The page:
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Opening Day Del Mar summer races

Elena Embree from Alpine wore an orange hat decorated with multicolored scarves at Opening Day at the race track.
On Opening Day at the Del Mar Race Track Friday, Elena Embree from Alpine was among many wearing fashionable hats for the Hats Contest.
(Nelvin C. Cepeda/The San Diego Union-Tribune)

After a year of virtual race audiences due to COVID-19 restrictions, the Del Mar Thoroughbred Club welcomed back about 15,000 people in person to its 82nd annual Opening Day races Friday, July 16.

Tickets to Friday’s Opening Day races and festivities at the Del Mar Thoroughbred Club sold out weeks in advance. Due to COVID-19 measures, the club can only sell as many tickets as there are seats said Craig Dado, executive vice president and chief marketing officer.

Mac McBride, director of media, said this year will be financially successful compared to last year. He said in 2019, $12 million bets were cast in a typical day.

“The primary yardstick is how much betting takes place,” he said. “Ninety percent of betting takes place off track.”

Del Mar returns with fans and smiles

Horse races started at 2 p.m., but two hours before the races, the annual Hat Contest began in the Plaza de Mexico.

The contest is known to draw dozens of people sporting flamboyant, extravagant designs. Plaza de Mexico was filled with women wearing colorful, broad-brimmed hats with a range of designs — from purple feathers to bluebirds in a cage to Vegas showgirls-themed hats.

Not wearing a hat was Mike Tyson, who attended the races in a VIP box along with security and an entourage.

Ugochi Iwuava, a Nigerian designer who attended the races, said she designed seven of the dresses other women were wearing to the event.

Sheba McMahon, who wore one of Iwuava’s designs, described her dress as a winter wonderland with a “wedding vibe.” She wore a v-cut, layered white dress with a cotillion style and a white hat with multicolored feathers and frills for the contest.

“San Diego is more of a T-shirt-and-jean town; today is a day where San Diegans get permission to dress over the top and put a hat on and be glamorous,” said Deena VonYokes, another wearer of Iwuava’s designs.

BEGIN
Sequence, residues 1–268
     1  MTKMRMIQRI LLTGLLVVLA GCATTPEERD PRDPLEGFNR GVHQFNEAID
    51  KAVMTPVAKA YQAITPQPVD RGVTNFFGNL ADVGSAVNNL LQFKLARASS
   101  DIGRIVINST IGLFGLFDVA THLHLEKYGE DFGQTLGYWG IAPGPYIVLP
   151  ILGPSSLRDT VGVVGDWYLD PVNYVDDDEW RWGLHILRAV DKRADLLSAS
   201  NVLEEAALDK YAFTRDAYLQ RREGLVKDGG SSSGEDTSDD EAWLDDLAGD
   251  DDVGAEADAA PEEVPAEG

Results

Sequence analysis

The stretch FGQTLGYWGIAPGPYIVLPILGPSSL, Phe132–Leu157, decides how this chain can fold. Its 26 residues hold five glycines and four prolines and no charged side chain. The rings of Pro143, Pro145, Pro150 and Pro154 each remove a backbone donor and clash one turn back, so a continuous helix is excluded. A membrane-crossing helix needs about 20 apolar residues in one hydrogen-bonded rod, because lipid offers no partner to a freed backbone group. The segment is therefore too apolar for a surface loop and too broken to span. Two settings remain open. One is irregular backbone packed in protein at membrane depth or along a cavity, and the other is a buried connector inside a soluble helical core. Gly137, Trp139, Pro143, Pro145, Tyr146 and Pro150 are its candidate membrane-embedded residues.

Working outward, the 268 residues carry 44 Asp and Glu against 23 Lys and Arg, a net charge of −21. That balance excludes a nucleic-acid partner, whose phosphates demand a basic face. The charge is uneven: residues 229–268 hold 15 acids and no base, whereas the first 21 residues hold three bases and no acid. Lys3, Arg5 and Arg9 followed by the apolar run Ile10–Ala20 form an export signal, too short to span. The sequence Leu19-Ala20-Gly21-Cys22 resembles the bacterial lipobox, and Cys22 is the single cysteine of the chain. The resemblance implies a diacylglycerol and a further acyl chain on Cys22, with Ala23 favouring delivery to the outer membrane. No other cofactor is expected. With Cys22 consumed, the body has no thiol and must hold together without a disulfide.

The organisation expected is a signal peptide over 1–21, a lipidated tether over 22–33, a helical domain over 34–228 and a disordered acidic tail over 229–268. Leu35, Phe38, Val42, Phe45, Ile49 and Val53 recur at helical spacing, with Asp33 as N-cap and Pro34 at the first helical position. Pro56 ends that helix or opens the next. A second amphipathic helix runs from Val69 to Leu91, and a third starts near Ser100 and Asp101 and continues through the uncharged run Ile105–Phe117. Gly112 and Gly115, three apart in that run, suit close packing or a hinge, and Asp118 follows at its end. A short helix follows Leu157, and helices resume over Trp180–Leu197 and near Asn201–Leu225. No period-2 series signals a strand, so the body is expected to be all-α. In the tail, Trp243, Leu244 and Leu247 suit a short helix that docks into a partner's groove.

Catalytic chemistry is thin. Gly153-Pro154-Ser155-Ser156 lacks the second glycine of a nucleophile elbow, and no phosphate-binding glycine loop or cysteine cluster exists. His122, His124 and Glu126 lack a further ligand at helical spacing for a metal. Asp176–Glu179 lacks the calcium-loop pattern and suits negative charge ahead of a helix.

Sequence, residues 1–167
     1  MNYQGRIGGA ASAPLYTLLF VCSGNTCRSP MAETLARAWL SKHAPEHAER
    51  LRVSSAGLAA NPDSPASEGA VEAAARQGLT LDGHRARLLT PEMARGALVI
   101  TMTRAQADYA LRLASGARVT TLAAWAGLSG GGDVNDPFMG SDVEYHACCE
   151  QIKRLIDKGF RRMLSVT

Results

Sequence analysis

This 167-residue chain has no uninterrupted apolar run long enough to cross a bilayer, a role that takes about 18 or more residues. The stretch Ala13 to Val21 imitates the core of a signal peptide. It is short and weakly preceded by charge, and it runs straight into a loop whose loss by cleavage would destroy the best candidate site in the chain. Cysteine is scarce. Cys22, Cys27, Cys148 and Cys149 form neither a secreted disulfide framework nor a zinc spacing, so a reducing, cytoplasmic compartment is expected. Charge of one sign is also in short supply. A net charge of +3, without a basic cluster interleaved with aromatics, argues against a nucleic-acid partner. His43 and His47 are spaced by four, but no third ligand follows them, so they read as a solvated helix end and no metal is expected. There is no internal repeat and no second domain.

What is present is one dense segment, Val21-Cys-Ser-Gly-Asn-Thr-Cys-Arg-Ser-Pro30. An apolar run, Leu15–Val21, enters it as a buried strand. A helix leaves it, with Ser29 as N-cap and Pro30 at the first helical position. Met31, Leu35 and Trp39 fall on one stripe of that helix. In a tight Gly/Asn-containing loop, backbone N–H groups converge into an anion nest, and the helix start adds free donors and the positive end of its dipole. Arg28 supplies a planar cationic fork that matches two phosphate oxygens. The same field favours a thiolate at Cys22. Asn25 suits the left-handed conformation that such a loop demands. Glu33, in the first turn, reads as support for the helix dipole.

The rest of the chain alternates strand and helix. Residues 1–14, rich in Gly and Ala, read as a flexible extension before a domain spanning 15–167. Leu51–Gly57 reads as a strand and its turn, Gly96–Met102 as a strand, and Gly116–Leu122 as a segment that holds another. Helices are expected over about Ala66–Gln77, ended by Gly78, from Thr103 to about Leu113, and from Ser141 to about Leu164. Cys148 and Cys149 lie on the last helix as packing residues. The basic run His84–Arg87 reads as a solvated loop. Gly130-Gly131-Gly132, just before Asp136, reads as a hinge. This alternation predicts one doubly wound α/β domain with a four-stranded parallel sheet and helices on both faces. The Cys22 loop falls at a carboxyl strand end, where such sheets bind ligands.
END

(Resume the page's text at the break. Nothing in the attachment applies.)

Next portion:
Women were not the only ones walking around in extravagance; Steven Blumhoefer wore a suit with pink flamingos and white and mint palm trees on it. He said he was inspired by his wife to wear something fancy and unique.

Belinda Berry was one of the four winners. She said she was overjoyed to finally wear her Showgirls-inspired hat that had been sitting on her coffee table for 18 months.

“Every time I looked at it, it gave me hope that better days were ahead,” Berry said about her sky blue and white feathered chapeau with pearls lining its brim.

Sandra Comer designed her own hat with military veterans in mind. She said she wanted to celebrate all of her friends and family who have served in the U.S. military, so her hat was festooned with photos of military vets, flags, and fake flowers and plants.

Nani Richardson designed her own purple and white feathered hat, filled with glimmer and sparkles. She said she lives for this annual event and has been coming for the last seven years.

The hat contest offered more than $4,000 in prizes for four categories: best racing theme, most glamorous, best fascinator and best flowers.

The grand prize went to Rebecca Smith of Encinitas, who also won for Best Flowers. Lori Shelton of San Diego won for Best Racing Theme, Berry of Walnut Creek won for Most Glamorous and Kathy LaBorde of San Diego won for Best Fascinator.


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